Why Miguel Herrera is the Right Man for Mexico
Yes, Mexico advanced to the round of 16 for a sixth straight World Cup. And yes, for a sixth straight World Cup, they were ousted in the round of 16. But if not for a very late collapse and a controversial– some might say horrible– penalty call in stoppage time, Mexico would find themselves playing Costa Rica in the quarterfinals. Alas that didn’t happen.
What did happen was that Miguel Herrera did in just seven months, what a multitude of his predecessors couldn’t do during the preceding qualifying process for the Mexican national team. When Mexico stumbled into a two-game playoff versus New Zealand– thanks to the United States’ comeback victory in their last qualifying match– Herrera was tapped as the interim coach to lead Mexico in the matches. Coming off the Clausura 2013 championship with his team Club America and leading America as the top team in the Apertura 2013 season, Herrera seemed the perfect choice to get Mexico into the World Cup. Unlike past Mexico team who preferred the 4-4-2 formation, Herrera preferred to use the 5-3-2 formation– a creative system that opened up the offensive attack with the use of his left and right backs coming up the wings to set the scorers up in the middle of the pitch.
With little to prepare for New Zealand, Herrera tapped mostly domestic players and ten from his Club America team– because they knew the system best. After thrashing New Zealand to qualify for the World Cup, Herrera was officially given the job and had the next seven months to get a team ready to compete. Many in the Mexican suspected Herrera would follow his heart and make the Mexican national team basically his Club America in national colors. Mexican media also figured that none of the European-based players would get much of a shot to make the team.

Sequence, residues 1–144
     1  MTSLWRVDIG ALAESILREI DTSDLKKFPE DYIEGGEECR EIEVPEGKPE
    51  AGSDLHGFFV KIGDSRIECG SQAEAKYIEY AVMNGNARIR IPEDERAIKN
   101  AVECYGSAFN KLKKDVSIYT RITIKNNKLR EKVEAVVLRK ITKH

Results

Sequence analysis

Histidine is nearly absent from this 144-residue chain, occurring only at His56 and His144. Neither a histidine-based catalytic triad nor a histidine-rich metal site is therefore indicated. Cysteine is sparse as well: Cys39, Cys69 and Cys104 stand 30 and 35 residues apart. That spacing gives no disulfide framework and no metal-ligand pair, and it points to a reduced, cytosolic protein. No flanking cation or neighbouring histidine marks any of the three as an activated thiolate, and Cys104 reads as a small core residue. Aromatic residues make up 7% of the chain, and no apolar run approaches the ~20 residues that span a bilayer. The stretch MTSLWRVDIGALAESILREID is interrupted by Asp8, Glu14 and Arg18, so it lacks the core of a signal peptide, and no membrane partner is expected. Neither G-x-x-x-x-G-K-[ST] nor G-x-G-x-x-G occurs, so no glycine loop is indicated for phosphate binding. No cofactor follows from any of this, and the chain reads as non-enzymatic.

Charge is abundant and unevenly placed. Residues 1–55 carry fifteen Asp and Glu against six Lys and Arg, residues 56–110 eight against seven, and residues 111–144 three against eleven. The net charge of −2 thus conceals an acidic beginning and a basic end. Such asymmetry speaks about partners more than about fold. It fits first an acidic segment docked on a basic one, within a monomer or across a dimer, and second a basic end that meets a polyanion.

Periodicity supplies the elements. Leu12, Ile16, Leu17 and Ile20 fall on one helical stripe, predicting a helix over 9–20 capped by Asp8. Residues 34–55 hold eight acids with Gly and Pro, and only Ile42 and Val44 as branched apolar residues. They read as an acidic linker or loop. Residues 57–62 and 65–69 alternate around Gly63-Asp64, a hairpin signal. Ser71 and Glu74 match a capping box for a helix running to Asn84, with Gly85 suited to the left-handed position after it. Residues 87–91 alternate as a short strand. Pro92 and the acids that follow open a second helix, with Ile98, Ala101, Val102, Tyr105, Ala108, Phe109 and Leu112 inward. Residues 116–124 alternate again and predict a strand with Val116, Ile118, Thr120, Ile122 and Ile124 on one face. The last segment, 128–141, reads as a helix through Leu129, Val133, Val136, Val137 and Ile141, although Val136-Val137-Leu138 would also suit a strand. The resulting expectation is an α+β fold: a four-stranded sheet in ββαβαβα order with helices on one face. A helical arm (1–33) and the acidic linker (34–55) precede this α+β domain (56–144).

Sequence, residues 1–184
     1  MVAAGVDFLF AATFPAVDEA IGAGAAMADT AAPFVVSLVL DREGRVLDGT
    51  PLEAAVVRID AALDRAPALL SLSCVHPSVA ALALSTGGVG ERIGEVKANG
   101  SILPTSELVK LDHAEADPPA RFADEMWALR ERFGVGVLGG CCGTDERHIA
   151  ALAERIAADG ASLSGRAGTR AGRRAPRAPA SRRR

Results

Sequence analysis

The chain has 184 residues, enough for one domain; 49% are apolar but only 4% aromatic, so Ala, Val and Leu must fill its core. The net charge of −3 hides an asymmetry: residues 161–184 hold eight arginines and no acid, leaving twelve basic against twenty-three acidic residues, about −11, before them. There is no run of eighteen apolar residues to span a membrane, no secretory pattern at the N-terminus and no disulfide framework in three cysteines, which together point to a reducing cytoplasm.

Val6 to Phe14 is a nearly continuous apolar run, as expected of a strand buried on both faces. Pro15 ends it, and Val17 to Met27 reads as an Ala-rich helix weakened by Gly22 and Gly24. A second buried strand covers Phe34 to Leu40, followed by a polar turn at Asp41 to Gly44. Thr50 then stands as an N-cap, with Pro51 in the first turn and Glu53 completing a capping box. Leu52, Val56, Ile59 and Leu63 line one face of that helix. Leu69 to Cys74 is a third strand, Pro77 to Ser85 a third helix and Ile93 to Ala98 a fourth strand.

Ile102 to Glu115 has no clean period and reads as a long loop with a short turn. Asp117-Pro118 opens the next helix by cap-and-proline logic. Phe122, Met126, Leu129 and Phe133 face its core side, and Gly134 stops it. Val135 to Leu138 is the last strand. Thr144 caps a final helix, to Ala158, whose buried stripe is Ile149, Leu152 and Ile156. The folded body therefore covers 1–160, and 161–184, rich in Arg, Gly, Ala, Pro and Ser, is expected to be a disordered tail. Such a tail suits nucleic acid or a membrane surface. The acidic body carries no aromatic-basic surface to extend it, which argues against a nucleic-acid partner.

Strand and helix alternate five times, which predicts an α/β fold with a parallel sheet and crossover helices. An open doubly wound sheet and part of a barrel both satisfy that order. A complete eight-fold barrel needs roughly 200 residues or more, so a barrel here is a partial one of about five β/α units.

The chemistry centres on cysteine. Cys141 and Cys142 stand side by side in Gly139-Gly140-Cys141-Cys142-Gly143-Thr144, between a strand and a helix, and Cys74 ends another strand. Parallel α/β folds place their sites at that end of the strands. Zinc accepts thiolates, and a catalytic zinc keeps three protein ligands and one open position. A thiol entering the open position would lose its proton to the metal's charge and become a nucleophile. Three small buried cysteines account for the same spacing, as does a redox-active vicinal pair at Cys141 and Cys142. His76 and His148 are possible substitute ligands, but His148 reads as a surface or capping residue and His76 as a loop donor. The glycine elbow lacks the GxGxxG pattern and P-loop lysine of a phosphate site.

Instead, Herrera analyzed all the players at his disposal and assembled the team using his head; not his heart. He only brought six members from Club America because they were the best for those positions and the best to help the rest of the roster learn Herrera’s system quickly. He brought in seven players from Europe because they earned their spots. Though Javier “Chicharrito” Hernandez may be among the most popular players in Mexico, Herrera decide to start games with him on the bench. Herrera believed that Oribe Peralta and Giovanni Dos Santos were best suited to start as the forwards in his system, and he felt that Hernandez was better providing a spark late in games– as he did scoring a goal against Croatia and coming close against Cameroon.
Even though no longer a young player, Herrera brought Rafael Marquez back as the team’s captain and backbone of the defense (two places where Marquez has excelled throughout his career). Many expected Jesus Corona would be named the goaltender, but he tapped European-based Guillermo Ochoa to mind the net. The fact that he only gave up two legitimate goals– the third was a penalty kick– and had six amazing saves against the Brazilian onslaught, it seems Herrera made the right choice.
In just seven months, the Mexican offensive attack was completely revived and was quite dangerous in the World Cup. Given a full four years to develop his system and prepare the young players that will be emerging from the 2012 Olympic gold medal winners and the U-17 World Cup champions, will give Herrera a team that could make at least a semifinal run in the 2018 World Cup Russia. They might even become the first selection from outside Europe or South America to give a realistic challenge for a World Cup title.